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Academic Integrity & Plagiarism

Why academic integrity matters; academic integrity policies and procedure; the Honor Pledge; about plagiarism.


Cheating — intentionally using or attempting to use unauthorized materials, information or study aids in any academic exercise.

You cheat when you:

  • copy answers from or look at another student’s exam;
  • access or possess any material not expressly permitted during an exam, such as crib sheets, notes, books;
  • use electronic devices such as cell phones, digital cameras, PDA’s, data storage devices, computers, internet websites, or other electronic devices during an exam unless expressly permitted by the instructor;
  • continue to write after a timed exam has ended;
  • fraudulently possess a test prior to exam date;
  • submit the same term paper or other work to more than one instructor, where no prior approval has been given;
  • submit purchased term papers or projects done by others.


Deception — intentionally providing false information to an instructor or other academic administrator about an academic matter in order to achieve an unmerited advantage.

You engage in deception when you:

  • give a false excuse for missing a project deadline;
  • claim to have submitted coursework that one did not actually submit;
  • take an exam or submit coursework on behalf of someone else, especially when using their personally identifying credentials to do so;
  • forge an advisor's or instructor's signature on an academic form.
  • reuse your own academic work for one class in another class, without citation or without the instructor's permission (also known as self-plagiarism).

Facilitating Academic Dishonesty

Facilitating academic dishonesty — intentionally or knowingly helping or attempting to help another to commit an act of academic dishonesty.

You facilitate academic dishonesty when you:

  • allow another student to copy your work or the work of another person;
  • have another person take an exam or complete an assignment for oneself;
  • take an exam or complete an assignment for another student;
  • share the content or answers of an exam or test with students in another section who have yet to take it.


Plagiarism — intentionally or knowingly representing the words or ideas of another as one's own in any academic exercise, or re-using your own previously submitted work without citing or acknowledging its re-purposing (i.e., self-plagiarism). This applies to both published and unpublished work.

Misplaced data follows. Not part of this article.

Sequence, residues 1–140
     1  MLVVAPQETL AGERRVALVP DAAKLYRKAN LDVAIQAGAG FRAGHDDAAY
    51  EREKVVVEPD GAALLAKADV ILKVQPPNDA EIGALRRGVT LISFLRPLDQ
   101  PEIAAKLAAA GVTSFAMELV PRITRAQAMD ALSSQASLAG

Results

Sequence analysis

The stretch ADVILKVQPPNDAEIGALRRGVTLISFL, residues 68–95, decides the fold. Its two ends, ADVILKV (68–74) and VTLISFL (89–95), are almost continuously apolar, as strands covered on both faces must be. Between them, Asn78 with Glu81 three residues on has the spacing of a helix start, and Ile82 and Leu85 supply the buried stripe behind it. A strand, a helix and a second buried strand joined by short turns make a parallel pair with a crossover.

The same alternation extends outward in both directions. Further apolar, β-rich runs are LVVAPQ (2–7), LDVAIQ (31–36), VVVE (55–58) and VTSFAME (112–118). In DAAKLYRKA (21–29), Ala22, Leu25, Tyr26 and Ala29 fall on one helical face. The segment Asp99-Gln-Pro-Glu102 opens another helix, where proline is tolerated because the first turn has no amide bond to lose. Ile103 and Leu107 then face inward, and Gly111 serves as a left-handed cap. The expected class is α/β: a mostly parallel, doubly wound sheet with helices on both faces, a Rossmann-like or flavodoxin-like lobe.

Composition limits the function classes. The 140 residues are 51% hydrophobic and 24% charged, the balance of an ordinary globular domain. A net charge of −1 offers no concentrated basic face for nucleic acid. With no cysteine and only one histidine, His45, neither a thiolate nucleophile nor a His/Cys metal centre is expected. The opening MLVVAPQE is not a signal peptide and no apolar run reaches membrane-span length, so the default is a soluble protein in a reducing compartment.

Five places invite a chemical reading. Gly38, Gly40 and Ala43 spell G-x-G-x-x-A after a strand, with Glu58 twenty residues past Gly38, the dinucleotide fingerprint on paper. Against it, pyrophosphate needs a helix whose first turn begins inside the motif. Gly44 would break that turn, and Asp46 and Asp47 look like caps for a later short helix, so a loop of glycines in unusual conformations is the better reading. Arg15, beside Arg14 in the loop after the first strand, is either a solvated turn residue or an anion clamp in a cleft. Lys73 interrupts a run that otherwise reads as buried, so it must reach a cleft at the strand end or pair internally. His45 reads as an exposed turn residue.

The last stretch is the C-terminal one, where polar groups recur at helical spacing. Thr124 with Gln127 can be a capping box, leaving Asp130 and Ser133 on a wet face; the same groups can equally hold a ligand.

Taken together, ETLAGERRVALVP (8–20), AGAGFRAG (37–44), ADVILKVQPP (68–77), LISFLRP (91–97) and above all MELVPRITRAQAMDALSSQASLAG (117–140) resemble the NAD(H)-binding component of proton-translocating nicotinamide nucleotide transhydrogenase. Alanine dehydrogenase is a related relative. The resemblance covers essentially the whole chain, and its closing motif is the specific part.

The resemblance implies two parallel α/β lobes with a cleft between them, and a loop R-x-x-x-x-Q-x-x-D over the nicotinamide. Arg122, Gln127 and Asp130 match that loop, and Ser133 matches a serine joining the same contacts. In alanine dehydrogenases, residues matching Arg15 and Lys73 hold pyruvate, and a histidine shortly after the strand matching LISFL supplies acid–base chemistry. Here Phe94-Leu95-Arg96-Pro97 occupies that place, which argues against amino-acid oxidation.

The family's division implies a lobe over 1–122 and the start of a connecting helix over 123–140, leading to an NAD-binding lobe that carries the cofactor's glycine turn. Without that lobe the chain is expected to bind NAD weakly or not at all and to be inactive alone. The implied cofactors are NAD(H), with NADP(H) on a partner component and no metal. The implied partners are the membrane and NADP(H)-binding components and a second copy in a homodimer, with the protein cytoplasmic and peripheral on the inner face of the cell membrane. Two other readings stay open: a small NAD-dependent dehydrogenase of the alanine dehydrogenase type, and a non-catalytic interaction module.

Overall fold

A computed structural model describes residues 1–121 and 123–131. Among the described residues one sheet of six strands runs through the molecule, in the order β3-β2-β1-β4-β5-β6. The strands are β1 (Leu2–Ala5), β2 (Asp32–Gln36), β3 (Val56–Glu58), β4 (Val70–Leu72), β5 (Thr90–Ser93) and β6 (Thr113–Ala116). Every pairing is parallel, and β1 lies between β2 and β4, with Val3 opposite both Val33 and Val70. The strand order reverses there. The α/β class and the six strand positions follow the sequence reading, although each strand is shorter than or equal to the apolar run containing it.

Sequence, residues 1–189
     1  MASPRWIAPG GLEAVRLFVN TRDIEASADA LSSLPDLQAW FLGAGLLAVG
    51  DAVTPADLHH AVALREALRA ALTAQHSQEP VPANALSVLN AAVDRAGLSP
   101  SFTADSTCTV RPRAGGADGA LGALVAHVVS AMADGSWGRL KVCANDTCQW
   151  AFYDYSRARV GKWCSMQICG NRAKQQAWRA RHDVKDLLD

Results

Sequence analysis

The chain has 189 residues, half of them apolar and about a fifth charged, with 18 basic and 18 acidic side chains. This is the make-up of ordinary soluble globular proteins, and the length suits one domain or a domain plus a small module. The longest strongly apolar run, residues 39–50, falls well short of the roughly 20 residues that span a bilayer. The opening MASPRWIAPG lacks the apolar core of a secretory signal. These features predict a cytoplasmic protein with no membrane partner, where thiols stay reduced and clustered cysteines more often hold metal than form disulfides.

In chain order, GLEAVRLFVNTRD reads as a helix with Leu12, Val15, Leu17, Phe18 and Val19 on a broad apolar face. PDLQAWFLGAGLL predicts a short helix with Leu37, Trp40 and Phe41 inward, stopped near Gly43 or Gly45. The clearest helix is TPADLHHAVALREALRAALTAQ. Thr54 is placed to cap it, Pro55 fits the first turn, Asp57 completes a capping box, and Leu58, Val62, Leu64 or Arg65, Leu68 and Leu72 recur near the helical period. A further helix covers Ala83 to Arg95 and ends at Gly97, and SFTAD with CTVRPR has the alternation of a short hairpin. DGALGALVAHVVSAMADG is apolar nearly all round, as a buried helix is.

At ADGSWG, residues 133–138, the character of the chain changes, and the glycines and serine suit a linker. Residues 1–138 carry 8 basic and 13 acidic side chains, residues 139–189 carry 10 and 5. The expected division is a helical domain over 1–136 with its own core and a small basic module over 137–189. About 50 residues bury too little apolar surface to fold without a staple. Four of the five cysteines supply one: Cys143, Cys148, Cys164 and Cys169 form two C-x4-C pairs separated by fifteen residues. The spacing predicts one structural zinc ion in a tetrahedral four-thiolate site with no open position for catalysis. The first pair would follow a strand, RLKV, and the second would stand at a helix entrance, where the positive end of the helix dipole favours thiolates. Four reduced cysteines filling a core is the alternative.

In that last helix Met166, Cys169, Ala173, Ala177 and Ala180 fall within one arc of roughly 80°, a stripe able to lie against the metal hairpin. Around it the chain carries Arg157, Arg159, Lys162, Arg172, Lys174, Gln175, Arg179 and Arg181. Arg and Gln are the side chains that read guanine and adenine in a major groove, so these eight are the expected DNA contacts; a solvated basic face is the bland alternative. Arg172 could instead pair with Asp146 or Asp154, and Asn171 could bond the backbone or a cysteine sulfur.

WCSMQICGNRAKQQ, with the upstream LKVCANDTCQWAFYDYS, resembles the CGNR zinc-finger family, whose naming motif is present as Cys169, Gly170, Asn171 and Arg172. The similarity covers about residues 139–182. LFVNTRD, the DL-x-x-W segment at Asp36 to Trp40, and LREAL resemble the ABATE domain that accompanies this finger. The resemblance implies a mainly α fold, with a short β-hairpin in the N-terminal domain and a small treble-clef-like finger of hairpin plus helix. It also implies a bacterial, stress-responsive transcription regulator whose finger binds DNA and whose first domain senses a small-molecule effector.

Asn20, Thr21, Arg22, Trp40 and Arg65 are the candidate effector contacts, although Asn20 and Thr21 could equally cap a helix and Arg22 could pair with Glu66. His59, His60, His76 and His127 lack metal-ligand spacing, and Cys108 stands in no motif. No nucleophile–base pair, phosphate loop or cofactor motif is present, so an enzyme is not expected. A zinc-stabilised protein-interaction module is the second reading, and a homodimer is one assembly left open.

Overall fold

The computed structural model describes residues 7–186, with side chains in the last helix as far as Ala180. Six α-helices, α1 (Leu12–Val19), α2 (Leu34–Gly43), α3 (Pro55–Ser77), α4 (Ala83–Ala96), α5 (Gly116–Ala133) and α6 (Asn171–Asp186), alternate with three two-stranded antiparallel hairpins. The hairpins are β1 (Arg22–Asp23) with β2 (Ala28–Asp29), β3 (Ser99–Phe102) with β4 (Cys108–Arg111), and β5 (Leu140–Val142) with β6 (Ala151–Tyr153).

You plagiarize when you ...

  • copy word for word without proper attribution;
  • paraphrase without proper attribution;
  • use phrases from another source embedded into original material without proper attribution;
  • state facts that are not common knowledge without citing the source;
  • copy intellectual property without proper attribution.
  • reuse your own academic work for one class in another class, without citation or without the instructor's permission (also known as self-plagiarism).


Fabrication — intentional and unauthorized invention or falsification of any information or citation in an academic exercise or altering official college records or documents.

You fabricate when you:

  • change answers after an exam has been returned;
  • list sources in a bibliography that are not directly used in the academic exercise;
  • falsify research results or a report of research processes;
  • falsify reports or records related to a field, practicum, or clinical experience;
  • omit data and/or sources, otherwise violating the ethical principles of research.


Collusion — intentionally working in collaboration with others on an assignment intended to represent a single student's work; or, improving or editing another's completed work to the extent that the nature and quality of the original work is significantly altered.

You collude when you, without the authorization of your instructor:

  • prepare and produce work with one or more people;
  • allow others to copy your work or share your answer to an assessment task;
  • allow someone else to write or edit your work (an exception is receiving assistance from academic support or student success);
  • write or edit work for another student;
  • offer to complete work or seek payment for completing academic work for other students.